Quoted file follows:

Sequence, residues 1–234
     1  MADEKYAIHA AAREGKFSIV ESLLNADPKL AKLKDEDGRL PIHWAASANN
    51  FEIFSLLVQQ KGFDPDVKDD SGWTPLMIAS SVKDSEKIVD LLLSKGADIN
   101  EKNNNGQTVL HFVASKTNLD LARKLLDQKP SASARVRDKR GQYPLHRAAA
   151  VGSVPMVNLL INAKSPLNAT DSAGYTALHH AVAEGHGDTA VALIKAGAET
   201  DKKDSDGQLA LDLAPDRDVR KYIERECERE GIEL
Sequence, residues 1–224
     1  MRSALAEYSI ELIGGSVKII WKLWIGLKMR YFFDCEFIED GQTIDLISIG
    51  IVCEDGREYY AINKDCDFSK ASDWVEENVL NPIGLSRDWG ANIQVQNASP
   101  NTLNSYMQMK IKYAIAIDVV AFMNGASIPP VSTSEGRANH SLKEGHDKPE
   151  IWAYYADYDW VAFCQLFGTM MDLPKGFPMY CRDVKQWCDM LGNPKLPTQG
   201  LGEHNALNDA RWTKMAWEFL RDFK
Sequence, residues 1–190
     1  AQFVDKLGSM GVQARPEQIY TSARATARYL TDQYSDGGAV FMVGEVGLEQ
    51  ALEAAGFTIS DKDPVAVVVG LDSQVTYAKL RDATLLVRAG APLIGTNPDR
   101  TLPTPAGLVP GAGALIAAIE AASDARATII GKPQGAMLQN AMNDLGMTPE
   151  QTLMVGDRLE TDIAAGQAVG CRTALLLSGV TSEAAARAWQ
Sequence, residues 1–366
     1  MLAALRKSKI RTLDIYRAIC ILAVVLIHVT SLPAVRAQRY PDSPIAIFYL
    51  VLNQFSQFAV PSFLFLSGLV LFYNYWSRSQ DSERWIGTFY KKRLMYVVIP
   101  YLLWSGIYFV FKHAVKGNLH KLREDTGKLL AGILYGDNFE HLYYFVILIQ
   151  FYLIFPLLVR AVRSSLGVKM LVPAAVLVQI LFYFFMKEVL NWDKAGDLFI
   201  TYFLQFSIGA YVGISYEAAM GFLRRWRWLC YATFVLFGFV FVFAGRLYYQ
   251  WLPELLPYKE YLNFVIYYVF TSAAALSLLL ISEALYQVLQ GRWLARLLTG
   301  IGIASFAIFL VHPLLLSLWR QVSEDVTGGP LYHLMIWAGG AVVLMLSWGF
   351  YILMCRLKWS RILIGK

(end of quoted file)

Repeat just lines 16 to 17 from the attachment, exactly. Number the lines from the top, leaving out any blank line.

   101  TLPTPAGLVP GAGALIAAIE AASDARATII GKPQGAMLQN AMNDLGMTPE
   151  QTLMVGDRLE TDIAAGQAVG CRTALLLSGV TSEAAARAWQ